How to Pick a Pool Temperature
To me, there's nothing better than getting into a pool that is warm enough that you don't have to enter the water gradually out of cold shock. You know the ones--you inhale sharply every inch the water creeps up your legs and the idea of moving off the steps pains you. If you own a pool, there's no doubt you've had a few arguments over which pool temperature is best and while you're not likely to find a number that works for everyone, here are some ideas of what number will suit your pool.
While this setting may seem high (and vaguely like the name of a 1990s boy band), it's a good temperature for a few specific groups:
- Pre-school aged children learning to swim
- People Rehabbing an injury in aquatic therapy
- People practicing Watsu--a kind of therapy that involves aided floating and stretching in the water
- 3-5 year-olds in swim lessons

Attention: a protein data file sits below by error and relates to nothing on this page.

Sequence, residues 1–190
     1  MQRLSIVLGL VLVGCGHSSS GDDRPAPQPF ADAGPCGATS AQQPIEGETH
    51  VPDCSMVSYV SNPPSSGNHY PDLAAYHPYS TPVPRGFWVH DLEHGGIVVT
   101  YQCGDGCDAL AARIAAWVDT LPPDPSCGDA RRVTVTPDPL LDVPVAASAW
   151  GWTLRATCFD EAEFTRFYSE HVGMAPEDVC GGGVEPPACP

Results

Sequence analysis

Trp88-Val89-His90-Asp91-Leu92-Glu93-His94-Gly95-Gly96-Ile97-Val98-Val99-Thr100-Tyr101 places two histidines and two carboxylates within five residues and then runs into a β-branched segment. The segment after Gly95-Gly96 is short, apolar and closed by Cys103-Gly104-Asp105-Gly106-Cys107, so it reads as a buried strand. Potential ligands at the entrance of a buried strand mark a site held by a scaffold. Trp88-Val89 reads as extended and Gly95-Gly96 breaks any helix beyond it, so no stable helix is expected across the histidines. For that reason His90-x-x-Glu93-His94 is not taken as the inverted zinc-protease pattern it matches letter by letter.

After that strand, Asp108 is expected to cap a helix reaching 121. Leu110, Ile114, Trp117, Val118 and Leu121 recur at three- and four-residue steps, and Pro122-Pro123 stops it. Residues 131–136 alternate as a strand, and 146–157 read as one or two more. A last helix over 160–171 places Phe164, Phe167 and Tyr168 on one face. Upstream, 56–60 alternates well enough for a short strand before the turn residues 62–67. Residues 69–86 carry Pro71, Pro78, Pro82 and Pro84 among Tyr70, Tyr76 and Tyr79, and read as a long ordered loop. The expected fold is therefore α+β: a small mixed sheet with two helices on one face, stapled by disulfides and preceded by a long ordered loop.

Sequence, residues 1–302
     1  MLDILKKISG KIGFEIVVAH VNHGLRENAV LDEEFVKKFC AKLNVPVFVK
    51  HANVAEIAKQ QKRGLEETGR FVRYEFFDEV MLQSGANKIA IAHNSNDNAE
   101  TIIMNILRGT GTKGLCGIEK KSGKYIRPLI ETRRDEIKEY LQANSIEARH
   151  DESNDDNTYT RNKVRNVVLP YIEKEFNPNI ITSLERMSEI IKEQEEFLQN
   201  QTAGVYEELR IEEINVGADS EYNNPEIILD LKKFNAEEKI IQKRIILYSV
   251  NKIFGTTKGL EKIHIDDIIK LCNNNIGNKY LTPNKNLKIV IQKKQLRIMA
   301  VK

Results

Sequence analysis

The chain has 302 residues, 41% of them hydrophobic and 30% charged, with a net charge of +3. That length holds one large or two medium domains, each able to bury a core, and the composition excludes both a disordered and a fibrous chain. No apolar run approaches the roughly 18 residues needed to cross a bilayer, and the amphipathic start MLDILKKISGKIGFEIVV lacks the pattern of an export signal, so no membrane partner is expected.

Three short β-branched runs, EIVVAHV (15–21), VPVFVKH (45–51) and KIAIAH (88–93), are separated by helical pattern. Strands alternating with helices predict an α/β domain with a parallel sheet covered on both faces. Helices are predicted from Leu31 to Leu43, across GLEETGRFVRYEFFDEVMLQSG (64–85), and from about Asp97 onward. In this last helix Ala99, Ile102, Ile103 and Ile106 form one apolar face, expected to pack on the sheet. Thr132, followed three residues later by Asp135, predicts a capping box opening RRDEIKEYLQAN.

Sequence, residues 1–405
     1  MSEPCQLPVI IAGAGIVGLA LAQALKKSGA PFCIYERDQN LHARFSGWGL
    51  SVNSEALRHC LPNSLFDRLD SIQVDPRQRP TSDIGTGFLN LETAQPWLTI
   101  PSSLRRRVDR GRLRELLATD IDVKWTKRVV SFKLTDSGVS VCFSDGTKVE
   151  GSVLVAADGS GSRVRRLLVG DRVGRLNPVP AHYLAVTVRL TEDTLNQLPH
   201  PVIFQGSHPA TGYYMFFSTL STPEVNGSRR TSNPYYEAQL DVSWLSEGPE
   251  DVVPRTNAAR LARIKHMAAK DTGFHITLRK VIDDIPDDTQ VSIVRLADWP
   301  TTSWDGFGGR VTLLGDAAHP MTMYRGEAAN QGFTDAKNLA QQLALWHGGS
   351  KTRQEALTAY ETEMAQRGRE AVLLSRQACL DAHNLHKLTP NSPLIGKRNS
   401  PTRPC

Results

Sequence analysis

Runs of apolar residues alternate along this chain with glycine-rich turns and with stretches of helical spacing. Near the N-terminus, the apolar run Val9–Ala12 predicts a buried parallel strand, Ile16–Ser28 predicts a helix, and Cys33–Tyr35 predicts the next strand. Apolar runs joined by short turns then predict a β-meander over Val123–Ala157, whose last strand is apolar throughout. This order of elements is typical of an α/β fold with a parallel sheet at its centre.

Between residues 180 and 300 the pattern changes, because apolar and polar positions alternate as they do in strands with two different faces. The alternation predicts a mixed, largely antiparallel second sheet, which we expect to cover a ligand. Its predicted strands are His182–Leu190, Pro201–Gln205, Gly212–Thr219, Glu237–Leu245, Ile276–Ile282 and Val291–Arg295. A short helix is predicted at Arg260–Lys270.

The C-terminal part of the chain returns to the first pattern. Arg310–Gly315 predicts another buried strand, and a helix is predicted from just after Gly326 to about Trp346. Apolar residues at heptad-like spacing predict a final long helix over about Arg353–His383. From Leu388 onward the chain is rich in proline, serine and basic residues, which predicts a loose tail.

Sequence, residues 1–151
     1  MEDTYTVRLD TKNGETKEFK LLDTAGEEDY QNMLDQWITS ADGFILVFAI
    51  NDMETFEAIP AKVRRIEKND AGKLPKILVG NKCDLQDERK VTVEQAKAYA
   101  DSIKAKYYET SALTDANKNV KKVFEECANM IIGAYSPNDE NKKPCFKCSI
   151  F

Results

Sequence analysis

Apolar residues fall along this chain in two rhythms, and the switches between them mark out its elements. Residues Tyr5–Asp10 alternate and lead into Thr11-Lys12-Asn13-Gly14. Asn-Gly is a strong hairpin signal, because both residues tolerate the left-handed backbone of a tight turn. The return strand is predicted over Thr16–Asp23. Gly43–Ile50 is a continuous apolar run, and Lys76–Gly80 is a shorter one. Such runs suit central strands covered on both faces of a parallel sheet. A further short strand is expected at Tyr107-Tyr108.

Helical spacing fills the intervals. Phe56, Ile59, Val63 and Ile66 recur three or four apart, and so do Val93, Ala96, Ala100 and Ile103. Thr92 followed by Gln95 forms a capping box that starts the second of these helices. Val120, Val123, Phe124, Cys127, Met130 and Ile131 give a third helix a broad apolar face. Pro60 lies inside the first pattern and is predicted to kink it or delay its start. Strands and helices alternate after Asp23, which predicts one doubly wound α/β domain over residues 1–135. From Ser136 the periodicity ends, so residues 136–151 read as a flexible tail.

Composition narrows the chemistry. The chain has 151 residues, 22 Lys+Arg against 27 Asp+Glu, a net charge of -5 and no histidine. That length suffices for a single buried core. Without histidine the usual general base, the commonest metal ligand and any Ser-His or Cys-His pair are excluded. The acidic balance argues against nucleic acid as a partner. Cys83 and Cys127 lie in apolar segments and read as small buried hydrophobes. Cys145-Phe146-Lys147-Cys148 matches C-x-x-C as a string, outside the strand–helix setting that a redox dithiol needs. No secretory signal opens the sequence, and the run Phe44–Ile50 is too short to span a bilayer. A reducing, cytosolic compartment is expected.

- Divers who are constantly getting in and out of the water
- Ai-Chi--A Japanese water exercise and relaxation program
This pool temperature is approximately where most public pools will be as there are a lot of activities suited for it.
- 6-13 year-olds in swimming lessons
- Low intensity lap swimming
- Synchronized Swimming (come on, you know you want to try it)
- Water Walking
- Moderate Water Exercise
- Pre-natal Swimming
Obviously the more vigorous the exercise you'll be doing in the pool, the lower the pool temperature will need to be to avoid overheating. Here are some activities that are better done in cooler water:
- Competitive Swim Team Training
- Adult Aerobic Lap Swimming
- High Intensity Water Exercise
- Olympic Level Competition
Keep in mind, the odds that you'll be able to find a single temperature that will suit all of your needs for your home pool is unlikely but hopefully you can compromise on something that will suit the most people. FYI: The average pool temperature for multi-use indoor and outdoor pools in the US is about 84-86°.
How warm do you like to keep your water?